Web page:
Stephen Cotton, general secretary of the International Transport Workers’ Federation (ITF) will also be available for interview at Davos 2020 - the World Economic Forum Annual Meeting.
We invite journalists to arrange interviews with Mr Cotton on key themes from Davos 2020, which intersect with the ITF’s work advocating for the world’s transport workers.
WHO: STEPHEN COTTON, general secretary of the International Transport Workers’ Federation (ITF) – representing 20 million workers in 147 countries
WHEN: 22-24 January 2020
WHERE: World Economic Forum media centre, Davos
Transport contributes to roughly one quarter of global, energy-related greenhouse gas emissions. Decarbonisation of the whole economy must be based on employer and trade union cooperation, transport investment and government leadership.
Society and future of work
Technology is disrupting the global economy and lives of workers across all transport sectors. The ITF are influencing discussions around digitalization, the ‘gig economy’, automation and technological change; ensuring that the workers of today and tomorrow are central to the future of work.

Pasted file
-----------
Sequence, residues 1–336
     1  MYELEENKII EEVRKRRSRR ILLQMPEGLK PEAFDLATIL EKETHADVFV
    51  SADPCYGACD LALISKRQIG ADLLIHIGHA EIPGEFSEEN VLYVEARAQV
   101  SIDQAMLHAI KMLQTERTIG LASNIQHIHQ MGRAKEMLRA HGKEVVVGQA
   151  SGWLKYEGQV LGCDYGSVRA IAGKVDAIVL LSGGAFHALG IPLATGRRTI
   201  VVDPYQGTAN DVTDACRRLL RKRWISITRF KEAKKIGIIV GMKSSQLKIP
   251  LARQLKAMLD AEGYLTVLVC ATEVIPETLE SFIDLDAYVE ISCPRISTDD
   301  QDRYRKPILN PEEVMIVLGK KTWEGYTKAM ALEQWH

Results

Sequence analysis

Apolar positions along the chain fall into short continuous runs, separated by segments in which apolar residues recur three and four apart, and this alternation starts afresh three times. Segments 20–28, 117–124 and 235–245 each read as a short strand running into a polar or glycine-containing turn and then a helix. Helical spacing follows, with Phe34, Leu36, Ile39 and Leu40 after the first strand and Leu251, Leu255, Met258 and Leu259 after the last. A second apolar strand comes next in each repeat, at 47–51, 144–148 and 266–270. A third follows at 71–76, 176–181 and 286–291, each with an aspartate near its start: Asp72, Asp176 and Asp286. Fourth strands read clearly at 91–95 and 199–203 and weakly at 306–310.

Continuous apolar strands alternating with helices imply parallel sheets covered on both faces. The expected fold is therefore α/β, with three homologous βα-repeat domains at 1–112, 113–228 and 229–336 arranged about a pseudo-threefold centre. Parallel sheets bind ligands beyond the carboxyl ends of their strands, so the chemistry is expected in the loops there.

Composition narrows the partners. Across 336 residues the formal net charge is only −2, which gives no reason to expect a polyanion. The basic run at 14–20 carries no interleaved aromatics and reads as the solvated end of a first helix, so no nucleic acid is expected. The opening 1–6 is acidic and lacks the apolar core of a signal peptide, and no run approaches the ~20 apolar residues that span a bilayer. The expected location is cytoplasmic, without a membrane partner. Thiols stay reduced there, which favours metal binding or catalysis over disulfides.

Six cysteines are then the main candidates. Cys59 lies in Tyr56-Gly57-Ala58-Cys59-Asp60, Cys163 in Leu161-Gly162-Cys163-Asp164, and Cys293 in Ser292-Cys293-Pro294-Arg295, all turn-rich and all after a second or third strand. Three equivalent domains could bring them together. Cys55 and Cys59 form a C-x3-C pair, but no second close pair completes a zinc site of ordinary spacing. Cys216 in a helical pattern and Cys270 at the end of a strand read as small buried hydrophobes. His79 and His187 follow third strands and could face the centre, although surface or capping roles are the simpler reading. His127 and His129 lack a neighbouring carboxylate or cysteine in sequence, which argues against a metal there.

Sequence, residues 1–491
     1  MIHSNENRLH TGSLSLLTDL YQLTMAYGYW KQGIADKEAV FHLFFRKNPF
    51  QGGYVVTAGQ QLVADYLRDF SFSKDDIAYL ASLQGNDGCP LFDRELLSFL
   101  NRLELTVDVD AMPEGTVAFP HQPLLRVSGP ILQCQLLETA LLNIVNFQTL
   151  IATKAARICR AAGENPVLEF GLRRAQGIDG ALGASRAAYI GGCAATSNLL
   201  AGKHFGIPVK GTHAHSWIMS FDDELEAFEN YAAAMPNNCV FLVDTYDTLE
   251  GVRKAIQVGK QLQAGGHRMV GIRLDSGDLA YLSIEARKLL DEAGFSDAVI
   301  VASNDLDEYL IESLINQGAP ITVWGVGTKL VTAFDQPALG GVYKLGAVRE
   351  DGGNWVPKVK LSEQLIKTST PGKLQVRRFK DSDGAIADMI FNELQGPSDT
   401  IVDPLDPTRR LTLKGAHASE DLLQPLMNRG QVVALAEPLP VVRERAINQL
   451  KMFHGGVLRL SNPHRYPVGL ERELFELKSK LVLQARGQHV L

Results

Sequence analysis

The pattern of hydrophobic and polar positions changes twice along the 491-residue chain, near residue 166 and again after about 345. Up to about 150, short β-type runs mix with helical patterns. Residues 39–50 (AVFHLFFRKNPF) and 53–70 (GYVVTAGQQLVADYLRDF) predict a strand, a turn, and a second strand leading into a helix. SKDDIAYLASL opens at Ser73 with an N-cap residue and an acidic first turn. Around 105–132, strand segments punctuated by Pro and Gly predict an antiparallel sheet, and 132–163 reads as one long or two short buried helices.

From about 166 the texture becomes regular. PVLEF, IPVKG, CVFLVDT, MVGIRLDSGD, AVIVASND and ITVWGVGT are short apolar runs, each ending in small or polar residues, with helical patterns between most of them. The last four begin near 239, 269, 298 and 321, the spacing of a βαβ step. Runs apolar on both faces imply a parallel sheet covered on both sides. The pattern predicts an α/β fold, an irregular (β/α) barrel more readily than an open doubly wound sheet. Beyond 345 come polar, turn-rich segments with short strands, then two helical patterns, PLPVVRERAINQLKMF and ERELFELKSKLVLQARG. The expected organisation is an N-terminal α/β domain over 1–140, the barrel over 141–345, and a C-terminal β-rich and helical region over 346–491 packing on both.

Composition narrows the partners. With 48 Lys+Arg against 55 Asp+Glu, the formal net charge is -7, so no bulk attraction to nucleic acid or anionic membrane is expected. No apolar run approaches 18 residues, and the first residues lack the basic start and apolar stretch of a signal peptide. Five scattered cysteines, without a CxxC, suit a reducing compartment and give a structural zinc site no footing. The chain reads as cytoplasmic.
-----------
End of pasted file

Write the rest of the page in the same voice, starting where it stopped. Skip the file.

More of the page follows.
We must govern tech; tech must not govern us
We must own our data and share the profits it generates. New technology must create jobs and improves our lives.
Better business – supply chain accountability
Multinationals are answerable and accountable for the exploitation throughout their global supply chain. Only workers and their unions can offer the workplace-level due diligence needed to end exploitation in supply chains.
Fairer economies – good trade is transparent
China’s Belt and Road Initiative is restructuring global supply chains. Workers and local communities must participate in the planning, investment, development and operation, for it to be accountable and sustainable.
Beyond geopolitics – ILO Convention 190 on violence and harassment in work
Violence, harassment and gender-based occupational segregation are daily realities for millions of transport workers. Unions are demanding protection and calling on governments to ratify and implement ILO C190.
Fairer economies – aviation is soaring, but wages and conditions are falling
Informal, subcontracted work is becoming the new normal in the aviation industry. Workers’ rights and passenger safety are the first casualties of this race to the bottom. Airlines have the power to change this.
Cabotage laws are the bedrock of the blue economy
The maritime economy is built on the link between sustainability, safety, job growth and labour rights. National maritime cabotage laws maintain decent work for seafarers, liberalisation of cabotage is a major threat to the blue economy and international trade.